Well, now that we're gearing toward the Stanley Cup Finals, we will be reviewing the seasons of teams as they're eliminated from the playoffs. Obviously, the last team reviewed will be the one that wins the Cup.
Now the runner-ups in the Western Conference Finals: The San Jose Sharks.
Season expectations: While we here were somewhat skeptical of their supremacy, many hockey analysts felt this was going to be a strong year for the Sharks. And rightfully so, as the team managed to acquired Dany Heatley from the Ottawa Senators to round out their first scoring line. With a solid group of internally-developed scoring forwads like Devin Setoguchi, Joe Pavelski, and Ryan Clowe to help out Patrick Marleau and Jumbo Joe Thornton, the team had a great group of scoring forwards before you even consider the rest of this strong and formidable team. While they had the reputation of being choke artists come playoff time, the Sharks were expected to go deep into the playoffs.
My prediction: I figured they would finish second in the Pacific Division and sixth overall in the Western Conference.
The truth: They did far better, finishing first in both for the second straight season. They made it to the Western Conference Finals, where they were swept by the Chicago Blackhawks. They beat the Blackhawks in the standings by one point during the regular season.
What went right?: During the regular season, the Marleau-Thornton-Heatley unit averaged a point-per-game. To top it off, Dan Boyle, Pavelski and Clowe broke the 50 point barrier while Setoguchi put up 36 points in 70 games. Pavelski deserves a special mention because he was also the Sharks most dominant performer come playoff time and stepped up in a way that some of his teammates couldn't. Evgeni Nabokov did well for the team, putting up a 44-16-10 record in 71 appearances while Tomas Greiss posted up a 2.69 GAA and .912 save percentage in 16 appearances. The brightest spot for the team, however, was the fact that everyone on the squad committed to playing excellent two-way hockey. Only six players finished with a minus rating for the regular season and out of those six, four of those players didn't play in more than 9 games while Niklas Wallin's rating was affected by his tenure during the Carolina Hurricanes (he finished with an even rating during his time with the Sharks.)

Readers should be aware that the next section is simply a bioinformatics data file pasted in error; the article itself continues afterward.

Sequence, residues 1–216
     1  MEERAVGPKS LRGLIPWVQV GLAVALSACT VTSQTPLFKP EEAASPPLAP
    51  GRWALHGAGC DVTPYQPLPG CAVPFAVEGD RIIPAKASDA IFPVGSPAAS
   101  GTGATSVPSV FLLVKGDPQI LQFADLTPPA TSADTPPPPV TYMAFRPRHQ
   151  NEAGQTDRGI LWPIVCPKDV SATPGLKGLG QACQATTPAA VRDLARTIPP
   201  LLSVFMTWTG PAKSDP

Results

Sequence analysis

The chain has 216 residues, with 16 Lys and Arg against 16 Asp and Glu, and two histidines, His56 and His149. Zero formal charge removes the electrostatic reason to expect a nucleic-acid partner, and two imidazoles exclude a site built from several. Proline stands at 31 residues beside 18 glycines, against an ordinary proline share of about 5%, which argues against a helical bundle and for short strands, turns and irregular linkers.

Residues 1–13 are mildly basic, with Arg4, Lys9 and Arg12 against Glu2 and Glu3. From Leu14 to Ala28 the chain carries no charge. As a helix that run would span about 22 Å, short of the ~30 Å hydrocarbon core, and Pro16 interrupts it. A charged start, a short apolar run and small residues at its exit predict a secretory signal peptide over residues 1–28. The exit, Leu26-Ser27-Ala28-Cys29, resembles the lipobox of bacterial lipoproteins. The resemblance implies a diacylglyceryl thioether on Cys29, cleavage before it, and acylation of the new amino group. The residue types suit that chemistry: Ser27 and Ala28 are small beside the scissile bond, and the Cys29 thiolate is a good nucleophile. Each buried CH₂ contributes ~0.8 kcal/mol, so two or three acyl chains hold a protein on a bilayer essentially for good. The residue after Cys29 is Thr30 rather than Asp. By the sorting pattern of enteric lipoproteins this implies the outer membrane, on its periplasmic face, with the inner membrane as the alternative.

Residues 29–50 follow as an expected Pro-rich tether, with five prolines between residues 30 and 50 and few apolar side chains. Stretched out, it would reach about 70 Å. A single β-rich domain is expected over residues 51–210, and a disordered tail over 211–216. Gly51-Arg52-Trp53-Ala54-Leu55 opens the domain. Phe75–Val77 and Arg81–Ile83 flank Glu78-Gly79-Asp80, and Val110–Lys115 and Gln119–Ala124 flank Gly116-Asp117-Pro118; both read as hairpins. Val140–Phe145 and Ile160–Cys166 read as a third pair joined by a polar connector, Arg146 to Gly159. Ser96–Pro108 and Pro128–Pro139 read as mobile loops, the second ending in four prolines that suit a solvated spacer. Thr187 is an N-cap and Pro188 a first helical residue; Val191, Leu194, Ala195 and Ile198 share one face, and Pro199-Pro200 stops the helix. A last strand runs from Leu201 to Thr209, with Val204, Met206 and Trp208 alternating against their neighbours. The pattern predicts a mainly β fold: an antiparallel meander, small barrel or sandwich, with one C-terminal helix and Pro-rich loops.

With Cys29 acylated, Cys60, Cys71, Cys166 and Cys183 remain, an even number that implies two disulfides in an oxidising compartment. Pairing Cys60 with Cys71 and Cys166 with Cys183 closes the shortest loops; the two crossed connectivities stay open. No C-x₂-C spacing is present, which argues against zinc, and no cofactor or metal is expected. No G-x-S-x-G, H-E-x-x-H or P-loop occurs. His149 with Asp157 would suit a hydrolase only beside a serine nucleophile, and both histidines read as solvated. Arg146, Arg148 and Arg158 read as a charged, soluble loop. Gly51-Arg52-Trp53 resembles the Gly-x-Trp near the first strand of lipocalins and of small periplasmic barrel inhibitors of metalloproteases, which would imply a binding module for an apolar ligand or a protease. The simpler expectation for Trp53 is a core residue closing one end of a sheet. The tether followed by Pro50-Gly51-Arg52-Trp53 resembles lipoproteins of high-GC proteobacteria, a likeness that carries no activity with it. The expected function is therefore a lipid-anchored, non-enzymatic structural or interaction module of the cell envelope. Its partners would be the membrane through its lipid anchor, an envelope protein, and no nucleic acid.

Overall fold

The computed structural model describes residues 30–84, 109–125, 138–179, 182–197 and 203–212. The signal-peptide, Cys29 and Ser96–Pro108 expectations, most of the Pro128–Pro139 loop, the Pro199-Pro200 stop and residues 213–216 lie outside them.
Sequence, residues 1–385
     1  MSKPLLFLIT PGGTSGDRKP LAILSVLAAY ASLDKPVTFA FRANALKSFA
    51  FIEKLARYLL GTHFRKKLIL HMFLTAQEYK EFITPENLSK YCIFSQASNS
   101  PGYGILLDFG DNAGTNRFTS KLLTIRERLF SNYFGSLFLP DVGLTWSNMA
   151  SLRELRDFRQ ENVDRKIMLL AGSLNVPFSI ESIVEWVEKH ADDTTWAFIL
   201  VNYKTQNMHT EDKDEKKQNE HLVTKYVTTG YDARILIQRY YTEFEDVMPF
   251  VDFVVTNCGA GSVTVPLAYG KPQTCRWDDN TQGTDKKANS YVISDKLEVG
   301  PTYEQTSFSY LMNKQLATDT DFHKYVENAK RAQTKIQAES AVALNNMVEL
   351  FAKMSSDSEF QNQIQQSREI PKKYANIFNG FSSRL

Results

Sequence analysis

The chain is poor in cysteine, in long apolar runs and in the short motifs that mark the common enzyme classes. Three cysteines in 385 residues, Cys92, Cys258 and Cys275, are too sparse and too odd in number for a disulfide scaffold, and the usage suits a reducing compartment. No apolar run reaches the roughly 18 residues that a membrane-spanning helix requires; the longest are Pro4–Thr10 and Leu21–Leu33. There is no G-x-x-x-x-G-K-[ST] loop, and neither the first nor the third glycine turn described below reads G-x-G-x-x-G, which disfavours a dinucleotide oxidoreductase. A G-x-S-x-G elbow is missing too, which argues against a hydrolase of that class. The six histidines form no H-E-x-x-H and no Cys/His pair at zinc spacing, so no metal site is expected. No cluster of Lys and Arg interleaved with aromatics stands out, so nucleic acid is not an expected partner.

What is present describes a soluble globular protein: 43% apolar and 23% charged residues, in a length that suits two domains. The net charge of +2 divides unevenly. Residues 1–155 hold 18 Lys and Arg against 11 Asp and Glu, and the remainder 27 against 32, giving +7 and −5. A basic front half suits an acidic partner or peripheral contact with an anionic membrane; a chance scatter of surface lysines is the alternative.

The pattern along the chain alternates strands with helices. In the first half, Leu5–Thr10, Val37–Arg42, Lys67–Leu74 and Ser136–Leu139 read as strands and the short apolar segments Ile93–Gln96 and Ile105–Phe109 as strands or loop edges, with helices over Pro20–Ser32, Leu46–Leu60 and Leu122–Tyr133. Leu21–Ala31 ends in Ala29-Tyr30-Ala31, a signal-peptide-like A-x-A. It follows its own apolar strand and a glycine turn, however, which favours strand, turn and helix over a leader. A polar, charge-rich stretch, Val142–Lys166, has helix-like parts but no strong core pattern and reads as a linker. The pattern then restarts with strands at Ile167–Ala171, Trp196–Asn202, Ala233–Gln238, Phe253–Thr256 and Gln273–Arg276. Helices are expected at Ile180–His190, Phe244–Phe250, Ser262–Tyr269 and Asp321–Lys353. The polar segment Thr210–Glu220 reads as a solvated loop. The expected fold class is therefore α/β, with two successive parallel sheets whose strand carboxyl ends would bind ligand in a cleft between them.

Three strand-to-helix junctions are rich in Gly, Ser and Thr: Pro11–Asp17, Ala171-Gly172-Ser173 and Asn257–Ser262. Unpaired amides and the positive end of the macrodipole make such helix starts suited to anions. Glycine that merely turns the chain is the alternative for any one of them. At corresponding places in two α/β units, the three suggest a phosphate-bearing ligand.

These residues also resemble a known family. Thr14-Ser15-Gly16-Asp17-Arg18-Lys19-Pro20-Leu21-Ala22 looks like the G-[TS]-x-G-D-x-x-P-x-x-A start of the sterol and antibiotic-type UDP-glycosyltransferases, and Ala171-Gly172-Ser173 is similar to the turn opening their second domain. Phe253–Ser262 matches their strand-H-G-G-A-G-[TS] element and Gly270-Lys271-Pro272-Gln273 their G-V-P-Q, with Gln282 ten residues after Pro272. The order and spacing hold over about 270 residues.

What went wrong?: Come playoff time, the team's first line began to dissipate, and while they were all dominant performers come playoff time, none of them managed to break the point-per-game average that they had during the regular season and each ended up as minus players. Joe Thornton's play was more exceptional in terms of falling off, putting up 12 points to go with a -11 rating in 15 games during their post-season run. Also, like most other teams who rely on their goaltenders heavily during the regular season, Nabokov lost some of his effectiveness come playoff time; begging the question as to why Greiss hasn't received more playing time despite being competent enough to goaltend in the NHL. And while it might not be an "official" reason to losing, one wonders how trading away enforcer Jody Shelly affected how other teams played against them. He was skating a regular shift for them and defending them; since he wasn't replaced that may have allowed the intimidation factor to set in.
So what's next?: Despite their salary commitments, the Sharks are in excellent shape going into next season, having $35.7M committed to salaries next season. However, Pavelski and Setoguchi need to be qualified while Marleau, Rob Blake, and Nabokov are the more notable UFAs going onto the open market, not to mention the fact that Manny Malhotra's due for a raise considering his strong season. There's a lot of good components that are locked down though, so hopefully they can lock down their key players or get solid reinforcements should the UFAs decide to go elsewhere.